5. Get vaccinated each year. You can still get the flu vaccine this year if you haven’t already.

6. Get plenty of sleep. Your body is more resistant to illness when you are well rested.

7. Drink 8 to 10 glasses of water each day! Dehydration can also weaken our resistance against infection.

8. Eat a healthy diet. Eating a well-balanced diet consisting of nutritious foods helps keep our immune system healthy.

9. Manage your stress. Stress can cause our bodies to be susceptible to illness.

10. Don’t share anything that goes in your mouth. This includes silverware, cups, straws, cigarettes, etc.
Carry around a small container of instant hand sanitizer, antiseptic wipes, and a travel-sized container of disinfectant spray, use when you are out of the house and want to minimize your chances of picking up germs and flu viruses. I hope you find these tips helpful.

Drop me a line at asknursepam@gmail.com, I would love to hear from you! Let me know what questions you would like to see addressed in a future column!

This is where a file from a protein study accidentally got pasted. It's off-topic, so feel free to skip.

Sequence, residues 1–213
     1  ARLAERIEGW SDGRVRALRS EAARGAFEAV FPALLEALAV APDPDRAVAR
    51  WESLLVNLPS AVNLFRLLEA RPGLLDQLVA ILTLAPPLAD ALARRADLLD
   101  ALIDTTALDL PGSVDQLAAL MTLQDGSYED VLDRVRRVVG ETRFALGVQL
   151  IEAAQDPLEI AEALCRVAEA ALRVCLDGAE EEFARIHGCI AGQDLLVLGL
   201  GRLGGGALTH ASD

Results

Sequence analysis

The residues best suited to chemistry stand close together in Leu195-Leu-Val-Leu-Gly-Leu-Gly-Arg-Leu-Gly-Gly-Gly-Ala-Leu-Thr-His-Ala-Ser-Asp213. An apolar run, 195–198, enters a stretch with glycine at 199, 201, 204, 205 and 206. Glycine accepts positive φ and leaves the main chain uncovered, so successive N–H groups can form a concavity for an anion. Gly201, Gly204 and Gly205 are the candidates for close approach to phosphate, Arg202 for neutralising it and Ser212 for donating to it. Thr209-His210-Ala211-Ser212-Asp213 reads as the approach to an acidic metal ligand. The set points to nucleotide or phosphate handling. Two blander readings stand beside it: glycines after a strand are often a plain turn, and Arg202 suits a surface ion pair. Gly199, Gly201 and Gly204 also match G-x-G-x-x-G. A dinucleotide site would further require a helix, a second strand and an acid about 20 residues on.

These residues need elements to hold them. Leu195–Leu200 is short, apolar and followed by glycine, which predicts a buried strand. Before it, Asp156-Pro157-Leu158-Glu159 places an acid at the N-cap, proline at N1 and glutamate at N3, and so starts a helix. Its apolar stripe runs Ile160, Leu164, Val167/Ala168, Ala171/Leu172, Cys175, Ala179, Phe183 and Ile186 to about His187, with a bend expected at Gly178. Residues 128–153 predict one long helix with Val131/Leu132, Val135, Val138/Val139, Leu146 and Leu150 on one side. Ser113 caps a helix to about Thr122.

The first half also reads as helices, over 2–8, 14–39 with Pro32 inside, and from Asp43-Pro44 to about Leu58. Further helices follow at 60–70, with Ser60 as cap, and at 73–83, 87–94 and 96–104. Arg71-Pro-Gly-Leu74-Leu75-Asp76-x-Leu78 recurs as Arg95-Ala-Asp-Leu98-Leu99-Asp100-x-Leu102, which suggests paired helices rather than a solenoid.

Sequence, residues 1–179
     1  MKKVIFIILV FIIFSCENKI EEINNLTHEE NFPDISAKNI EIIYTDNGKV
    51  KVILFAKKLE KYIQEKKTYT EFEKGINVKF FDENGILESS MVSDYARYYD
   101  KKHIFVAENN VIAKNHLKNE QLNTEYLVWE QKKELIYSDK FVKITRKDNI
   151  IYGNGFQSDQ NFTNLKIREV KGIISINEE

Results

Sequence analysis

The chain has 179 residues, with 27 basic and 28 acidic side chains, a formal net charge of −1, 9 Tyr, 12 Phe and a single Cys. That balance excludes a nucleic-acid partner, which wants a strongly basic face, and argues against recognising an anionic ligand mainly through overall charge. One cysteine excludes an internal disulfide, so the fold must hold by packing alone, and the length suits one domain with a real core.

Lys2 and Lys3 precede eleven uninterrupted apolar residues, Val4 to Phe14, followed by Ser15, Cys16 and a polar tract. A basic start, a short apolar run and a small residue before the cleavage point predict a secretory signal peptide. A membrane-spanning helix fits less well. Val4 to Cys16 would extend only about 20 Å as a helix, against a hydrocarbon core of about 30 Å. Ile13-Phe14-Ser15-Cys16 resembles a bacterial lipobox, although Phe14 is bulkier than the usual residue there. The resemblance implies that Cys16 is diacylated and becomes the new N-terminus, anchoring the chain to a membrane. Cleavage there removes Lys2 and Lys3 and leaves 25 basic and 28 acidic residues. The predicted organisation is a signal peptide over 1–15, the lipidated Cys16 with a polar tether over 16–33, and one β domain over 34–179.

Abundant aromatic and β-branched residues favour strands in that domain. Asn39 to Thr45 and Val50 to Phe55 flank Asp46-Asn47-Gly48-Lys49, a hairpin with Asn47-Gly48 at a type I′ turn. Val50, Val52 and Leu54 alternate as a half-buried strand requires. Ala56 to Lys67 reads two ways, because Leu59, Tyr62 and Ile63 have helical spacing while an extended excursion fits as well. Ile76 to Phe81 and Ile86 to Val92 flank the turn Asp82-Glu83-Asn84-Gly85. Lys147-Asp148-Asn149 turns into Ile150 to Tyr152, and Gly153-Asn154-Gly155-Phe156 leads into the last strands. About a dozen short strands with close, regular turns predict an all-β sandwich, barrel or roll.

Until next week-
Be Well,

Pam

To see all Ask a Nurse articles click here.

 

March 2, 2012

Fashion Friday: What to buy right now

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I love Fashion but I hate paying tons of money to look great. I believe you need two things the knowledge of what looks good on you and the skill to find it for less. I encourage you to get rid of all the items in your closet that you do not wear. They cloud up your options to make really great outfits because you can’t see your clothes! If they are in good condition sell the at a consignment store or a place like Plato’s closet, or host a clothing swap. Clothing swaps are a blast!

Amee

The key to saving money and looking great is buying things when they are on sale. This is a great time to buy sweaters and coats for next year. It is also an amazing time to buy boots. You can pick up boots for under $40.I would pick a pair of boots that are classic in nature. I picked up these great boots for a super price! $39.99… The best part is these are for date night and not the grocery store!

MIA - Jetsetter (Black Velvet) - Footwear MIA – Jetsetter (Black Velvet) – Footwear

6pm.com is proud to offer the MIA – Jetsetter (Black Velvet) – Footwear: Set your sights on destinations unknown! Fly the skies of high fashion with these killer boots! ; Easy pull-on construction with zipper closure. ; Fabric upper in a seductive over-the-knee design. ; Man-made lining. ; Lightly cushioned man-made footbed. ; Wrapped heel. ; Man-made sole. ; Heel Height: 3 1 2 in ; Platform Height: 1 2 in ; Shaft: 23 in ; Circumference: 15 in ; Weight: 1 lb 4 oz ; Product measurements were taken using size 8.5. Please note that measurements may vary by size.